is key.
  you may cause EU eyeballs to go to CA if you're not
   careful with where you peer with people.
having an EU centric transit provider in the US without
   having the same routes in EU could cause EU traffic
    to home in the US
  Use quality global providers to keep traffic balanced.

When peering...
keep in mind a peer may isolate traffic to a specific
   anycast node
Try to peer with networks where it makes sense; don't
  advertise your anycast to them where they don't have
Try to make sure your peers and transit providers know
  your communities and what you're trying to do, and
  make sure you understand their communities well!

Benefits of Anycast.
for content players
moving traffic without major impact or DNS lag
provides buffers for major failures
allows for simplistic traffic management, with a major
  (potential) performance upside.
it's BGP you don't control, though, so not much you
  can do to adjust inbound wins.
HTTP has significant cost to using DNS to try to shift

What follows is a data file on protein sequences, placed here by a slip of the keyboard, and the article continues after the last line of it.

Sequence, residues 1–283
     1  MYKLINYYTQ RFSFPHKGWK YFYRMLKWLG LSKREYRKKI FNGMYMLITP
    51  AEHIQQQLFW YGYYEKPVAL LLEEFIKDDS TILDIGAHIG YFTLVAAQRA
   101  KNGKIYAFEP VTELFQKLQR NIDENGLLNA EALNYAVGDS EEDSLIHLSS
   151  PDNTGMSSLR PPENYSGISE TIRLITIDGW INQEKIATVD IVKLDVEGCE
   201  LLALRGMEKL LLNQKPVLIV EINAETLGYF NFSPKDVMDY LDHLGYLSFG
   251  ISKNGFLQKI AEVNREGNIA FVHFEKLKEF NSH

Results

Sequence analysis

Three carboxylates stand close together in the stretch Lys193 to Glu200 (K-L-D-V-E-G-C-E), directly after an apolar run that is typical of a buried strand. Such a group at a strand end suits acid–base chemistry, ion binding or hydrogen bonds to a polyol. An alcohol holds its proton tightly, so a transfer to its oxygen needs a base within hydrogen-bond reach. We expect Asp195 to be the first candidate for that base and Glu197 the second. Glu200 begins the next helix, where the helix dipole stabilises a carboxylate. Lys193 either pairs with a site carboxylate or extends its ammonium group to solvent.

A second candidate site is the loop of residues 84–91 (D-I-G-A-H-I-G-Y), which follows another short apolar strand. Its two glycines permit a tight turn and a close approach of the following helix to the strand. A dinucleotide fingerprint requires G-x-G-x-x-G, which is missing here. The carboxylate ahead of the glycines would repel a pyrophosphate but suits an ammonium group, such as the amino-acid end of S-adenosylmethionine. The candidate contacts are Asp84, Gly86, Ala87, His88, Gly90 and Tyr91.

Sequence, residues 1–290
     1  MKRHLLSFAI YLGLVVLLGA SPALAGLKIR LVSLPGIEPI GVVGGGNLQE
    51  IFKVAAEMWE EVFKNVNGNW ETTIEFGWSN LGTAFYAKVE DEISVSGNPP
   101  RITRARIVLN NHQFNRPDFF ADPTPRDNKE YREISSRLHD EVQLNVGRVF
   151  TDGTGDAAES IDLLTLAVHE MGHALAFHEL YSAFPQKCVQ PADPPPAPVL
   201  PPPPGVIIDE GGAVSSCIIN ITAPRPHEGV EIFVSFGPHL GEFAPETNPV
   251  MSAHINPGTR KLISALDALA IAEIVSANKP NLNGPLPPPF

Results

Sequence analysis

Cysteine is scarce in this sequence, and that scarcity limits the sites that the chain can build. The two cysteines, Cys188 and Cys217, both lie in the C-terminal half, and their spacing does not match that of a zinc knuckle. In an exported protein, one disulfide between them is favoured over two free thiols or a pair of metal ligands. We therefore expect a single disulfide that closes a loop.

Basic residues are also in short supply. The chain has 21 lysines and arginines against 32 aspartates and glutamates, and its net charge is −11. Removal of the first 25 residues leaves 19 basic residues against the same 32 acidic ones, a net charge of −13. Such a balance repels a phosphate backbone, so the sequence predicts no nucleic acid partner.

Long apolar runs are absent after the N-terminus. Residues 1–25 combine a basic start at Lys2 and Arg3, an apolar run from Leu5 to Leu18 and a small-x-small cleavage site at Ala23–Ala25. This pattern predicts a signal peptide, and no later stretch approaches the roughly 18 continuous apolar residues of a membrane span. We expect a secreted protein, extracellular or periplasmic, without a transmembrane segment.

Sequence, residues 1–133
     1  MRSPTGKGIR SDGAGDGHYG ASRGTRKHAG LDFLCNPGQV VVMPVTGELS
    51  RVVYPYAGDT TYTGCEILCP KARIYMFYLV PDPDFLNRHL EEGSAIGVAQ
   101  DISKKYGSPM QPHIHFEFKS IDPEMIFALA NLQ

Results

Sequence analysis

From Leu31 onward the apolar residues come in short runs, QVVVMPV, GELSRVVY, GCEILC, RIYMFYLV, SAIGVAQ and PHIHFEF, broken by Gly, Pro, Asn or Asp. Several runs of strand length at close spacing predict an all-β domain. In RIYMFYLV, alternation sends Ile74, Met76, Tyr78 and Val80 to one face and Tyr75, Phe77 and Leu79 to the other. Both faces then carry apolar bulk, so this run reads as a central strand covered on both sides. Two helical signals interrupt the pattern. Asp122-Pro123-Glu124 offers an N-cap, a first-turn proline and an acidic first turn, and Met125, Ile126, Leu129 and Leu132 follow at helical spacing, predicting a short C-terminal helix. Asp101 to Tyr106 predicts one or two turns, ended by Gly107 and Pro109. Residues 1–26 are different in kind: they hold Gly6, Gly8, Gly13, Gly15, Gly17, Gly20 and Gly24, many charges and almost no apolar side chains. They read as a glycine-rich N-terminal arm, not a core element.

traffic around; six or more DNS lookups to acquire
content; anycast trims those DNS lookups down
Ability to interface tools to traffic management.
No TTL issues!

Data, May 9, 2006
Renesys: monitored changes in atomic-aggregator for
a CacheFly anycast prefix
AS path changes and pop changes
Keynote: monitored availability/performance of 30k file
Revision3: monitored behavour of "longlived" downloads
of DiggNation videocast--over 7TB transferred.

Renesys data:
130BGP updates for may 9th; low volume day
stable prefixes
34 distinct POP changes based on atomic aggregator
property on prefixes
130 updates is considered a stable prefix.

SJC issue:
thirty-five minute window, 0700 to 0735 UTC, saw:
98 updates, 20 actual pop changes based on
  atomic aggregator changes, all from one san jose
  provider, fail from SJC to CHI back to SJC
unable to correlate these shifts with any traffic
changes; mostly likely we don't have a big enough
sample size.
possibly just not a lot of people using those routes.

BGP seems stable--what about TCP flows?